TV and Radio Personality -- a Fixture of the New York Sports Scene for Decades -- Dead at 92 NY Times
A New York-based sportscaster who pioneered radio's sports talk format and co-hosted "Sports Extra" on WNEW-TV has died. The New York Times reports that Bill Mazer died Wednesday at 92.
Mazer was nicknamed "the Amazin'" because of his deep knowledge of sports facts and figures, the story notes. On his retirement in 2009, he had more than six decades of broadcasting under his belt.
While growing up, Mazer played punchball, but also attended a yeshiva and considered becoming a rabbi. He decided on sports after realizing “I was paying more attention to Van Lingle Mungo than I was to Moses," he said, referring to a Brooklyn Dodgers pitcher of the 1930s.
Mazer covered sports in Buffalo for 16 years, and then was hired by WNBC-AM to create a talk format in 1964, allowing fans to call in and talk sports with him. He went on to host an interview program on WOR-AM and to provide commentary for the CBS hockey game of the week. He also provided commentary for the Knicks, the Nets, the Rangers and the Islanders, the story reports.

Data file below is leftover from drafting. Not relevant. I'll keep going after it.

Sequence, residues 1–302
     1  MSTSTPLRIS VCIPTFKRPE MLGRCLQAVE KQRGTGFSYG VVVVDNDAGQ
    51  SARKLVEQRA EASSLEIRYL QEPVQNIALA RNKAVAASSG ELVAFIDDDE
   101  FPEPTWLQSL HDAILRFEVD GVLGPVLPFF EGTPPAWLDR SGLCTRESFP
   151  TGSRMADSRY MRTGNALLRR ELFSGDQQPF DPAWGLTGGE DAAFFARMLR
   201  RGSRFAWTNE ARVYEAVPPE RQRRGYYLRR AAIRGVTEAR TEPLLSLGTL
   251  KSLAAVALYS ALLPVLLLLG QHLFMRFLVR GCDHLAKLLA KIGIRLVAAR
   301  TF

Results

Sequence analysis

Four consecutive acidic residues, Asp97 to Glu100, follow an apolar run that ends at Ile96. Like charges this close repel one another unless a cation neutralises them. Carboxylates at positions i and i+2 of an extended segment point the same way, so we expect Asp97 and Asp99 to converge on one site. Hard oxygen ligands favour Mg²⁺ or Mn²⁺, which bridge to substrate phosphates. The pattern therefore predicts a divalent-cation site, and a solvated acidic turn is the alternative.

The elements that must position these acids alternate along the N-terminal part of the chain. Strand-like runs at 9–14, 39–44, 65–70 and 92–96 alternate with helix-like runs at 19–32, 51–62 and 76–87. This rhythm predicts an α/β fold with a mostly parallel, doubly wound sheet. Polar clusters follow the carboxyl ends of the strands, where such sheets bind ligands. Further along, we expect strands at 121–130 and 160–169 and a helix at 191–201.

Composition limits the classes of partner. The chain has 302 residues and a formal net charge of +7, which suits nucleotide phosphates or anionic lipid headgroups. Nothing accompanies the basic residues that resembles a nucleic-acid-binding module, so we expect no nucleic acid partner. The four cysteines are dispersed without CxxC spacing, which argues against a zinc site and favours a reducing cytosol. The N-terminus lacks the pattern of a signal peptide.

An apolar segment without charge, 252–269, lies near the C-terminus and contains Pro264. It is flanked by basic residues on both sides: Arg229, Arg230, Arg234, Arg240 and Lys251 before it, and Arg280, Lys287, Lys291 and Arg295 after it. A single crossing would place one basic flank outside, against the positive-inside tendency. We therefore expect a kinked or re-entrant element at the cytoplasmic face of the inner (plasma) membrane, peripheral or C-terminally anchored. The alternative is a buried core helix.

He spent 20 years at WNEW-TV in New York, starting in the early 1970s, helping to establish "Sports Extra" -- considered to be the first sports wrap-up show of its kind. He also reported sports on WNEW's "10 O'Clock News."
The piece adds: "It was the news anchor John Roland who proclaimed Mr. Mazer the Amazin’ after Mr. Roland started tossing him arcane sports questions during the broadcasts, and Mr. Mazer almost invariably knew the answers."